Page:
The 70-kDa heat shock cognate protein (Hsc73) gene is enhanced by ovarian hormones in the ventromedial hypothalamus.

Thumbnail Image



Journal Title

Journal ISSN

Volume Title

Repository Usage Stats



Estrogen (E) and progesterone (P) orchestrate many cellular responses involved in female reproductive physiology, including reproductive behaviors. E- and P-binding neurons important for lordosis behavior have been located within the ventromedial hypothalamus (VMH), and several hormone-responsive genes have been observed there as well. In attempts to identify additional E- and P-responsive genes in the VMH that may contribute to sexual behaviors, we used the differential display mRNA screening technique. One of the genes identified encodes the 73-kDa heat shock cognate protein (Hsc73). Quantitative in situ hybridization analysis of brains from naturally cycling female rats revealed a significant increase in Hsc73 mRNA in the VMH and arcuate nucleus of animals during proestrus compared with those at diestrus-1. To confirm that these increases were steroid hormone dependent, we compared vehicle-treated ovariectomized females with ovariectomized females treated with estradiol benzoate and P. Northern analysis and in situ hybridizations showed that the Hsc73 gene is enhanced by E and P in the pituitary and subregions of the VMH. Incidentally, by examining the primary amino acid sequence of rat, human, and chicken progesterone receptors, we noticed that putative Hsc73 binding sites are conserved across species with similar sites existing in the androgen and glucocorticoid receptors. Together these findings suggest a possible mechanism through which E could influence the activities of progesterone, androgen, and glucocorticoid receptors, by enhancing the expression of Hsc73 in cells where these proteins colocalize.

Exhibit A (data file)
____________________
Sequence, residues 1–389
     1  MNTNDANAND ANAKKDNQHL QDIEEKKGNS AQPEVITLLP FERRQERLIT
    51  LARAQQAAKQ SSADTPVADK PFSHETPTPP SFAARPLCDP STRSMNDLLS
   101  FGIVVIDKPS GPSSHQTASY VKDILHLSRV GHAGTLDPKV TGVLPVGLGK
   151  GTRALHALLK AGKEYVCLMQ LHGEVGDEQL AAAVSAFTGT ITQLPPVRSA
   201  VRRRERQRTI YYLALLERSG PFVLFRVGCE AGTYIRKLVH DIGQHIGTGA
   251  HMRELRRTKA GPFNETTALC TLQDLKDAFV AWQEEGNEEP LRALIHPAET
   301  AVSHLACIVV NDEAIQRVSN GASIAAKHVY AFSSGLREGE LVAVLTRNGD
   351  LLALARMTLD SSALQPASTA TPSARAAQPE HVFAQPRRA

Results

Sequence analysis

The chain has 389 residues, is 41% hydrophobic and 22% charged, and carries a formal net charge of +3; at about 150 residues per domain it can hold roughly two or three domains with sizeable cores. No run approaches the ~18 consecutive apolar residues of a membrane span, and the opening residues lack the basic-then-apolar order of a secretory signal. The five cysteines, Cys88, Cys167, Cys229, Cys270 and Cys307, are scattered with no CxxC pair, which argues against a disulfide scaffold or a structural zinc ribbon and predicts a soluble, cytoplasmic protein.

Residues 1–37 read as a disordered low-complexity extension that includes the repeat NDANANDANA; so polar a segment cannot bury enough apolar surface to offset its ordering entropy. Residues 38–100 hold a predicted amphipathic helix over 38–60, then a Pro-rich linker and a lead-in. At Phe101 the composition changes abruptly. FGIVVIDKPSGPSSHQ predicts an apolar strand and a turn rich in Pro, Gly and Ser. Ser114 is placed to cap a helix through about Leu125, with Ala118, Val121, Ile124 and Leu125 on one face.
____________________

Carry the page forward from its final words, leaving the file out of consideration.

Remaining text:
Erich David Jarvis

Adjunct Professor in the Deptartment of Neurobiology

Dr. Jarvis' laboratory studies the neurobiology of vocal communication. Emphasis is placed on the molecular pathways involved in the perception and production of learned vocalizations. They use an integrative approach that combines behavioral, anatomical, electrophysiological and molecular biological techniques. The main animal model used is songbirds, one of the few vertebrate groups that evolved the ability to learn vocalizations. The generality of the discoveries is tested in other vocal learning orders, such as parrots and hummingbirds, as well as non-vocal learners, such as pigeons and non-human primates. Some of the questions require performing behavior/molecular biology experiments in freely ranging animals, such as hummingbirds in tropical forest of Brazil. Recent results show that in songbirds, parrots and hummingbirds, perception and production of song are accompanied by anatomically distinct patterns of gene expression. All three groups were found to exhibit vocally-activated gene expression in exactly 7 forebrain nuclei that are very similar to each other. These structures for vocal learning and production are thought to have evolved independently within the past 70 million years, since they are absent from interrelated non-vocal learning orders. One structure, Area X of the basal ganglia's striatum in songbirds, shows large differential gene activation depending on the social context in which the bird sings. These differences may reflect a semantic content of song, perhaps similar to human language.

The overall goal of the research is to advance knowledge of the neural mechanisms for vocal learning and basic mechanisms of brain function. These goals are further achieved by combined collaborative efforts with the laboratories of Drs. Mooney and Nowicki at Duke University, who study respectively behavior and electrophysiological aspects of songbird vocal communication.

Unless otherwise indicated, scholarly articles published by Duke faculty members are made available here with a CC-BY-NC (Creative Commons Attribution Non-Commercial) license, as enabled by the Duke Open Access Policy. If you wish to use the materials in ways not already permitted under CC-BY-NC, please consult the copyright owner. Other materials are made available here through the author’s grant of a non-exclusive license to make their work openly accessible.